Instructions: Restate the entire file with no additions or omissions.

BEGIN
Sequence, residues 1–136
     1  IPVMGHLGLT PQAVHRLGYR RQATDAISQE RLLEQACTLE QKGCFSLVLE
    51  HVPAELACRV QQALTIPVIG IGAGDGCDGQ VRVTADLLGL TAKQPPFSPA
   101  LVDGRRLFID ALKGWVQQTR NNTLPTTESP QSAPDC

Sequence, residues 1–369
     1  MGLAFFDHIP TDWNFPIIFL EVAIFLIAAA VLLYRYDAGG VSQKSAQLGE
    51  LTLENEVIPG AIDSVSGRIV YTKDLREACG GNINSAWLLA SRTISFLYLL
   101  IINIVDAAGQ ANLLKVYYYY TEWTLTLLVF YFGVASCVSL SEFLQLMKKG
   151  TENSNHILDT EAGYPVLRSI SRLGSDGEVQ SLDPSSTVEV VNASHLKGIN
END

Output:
Sequence, residues 1–136
     1  IPVMGHLGLT PQAVHRLGYR RQATDAISQE RLLEQACTLE QKGCFSLVLE
    51  HVPAELACRV QQALTIPVIG IGAGDGCDGQ VRVTADLLGL TAKQPPFSPA
   101  LVDGRRLFID ALKGWVQQTR NNTLPTTESP QSAPDC

Sequence, residues 1–369
     1  MGLAFFDHIP TDWNFPIIFL EVAIFLIAAA VLLYRYDAGG VSQKSAQLGE
    51  LTLENEVIPG AIDSVSGRIV YTKDLREACG GNINSAWLLA SRTISFLYLL
   101  IINIVDAAGQ ANLLKVYYYY TEWTLTLLVF YFGVASCVSL SEFLQLMKKG
   151  TENSNHILDT EAGYPVLRSI SRLGSDGEVQ SLDPSSTVEV VNASHLKGIN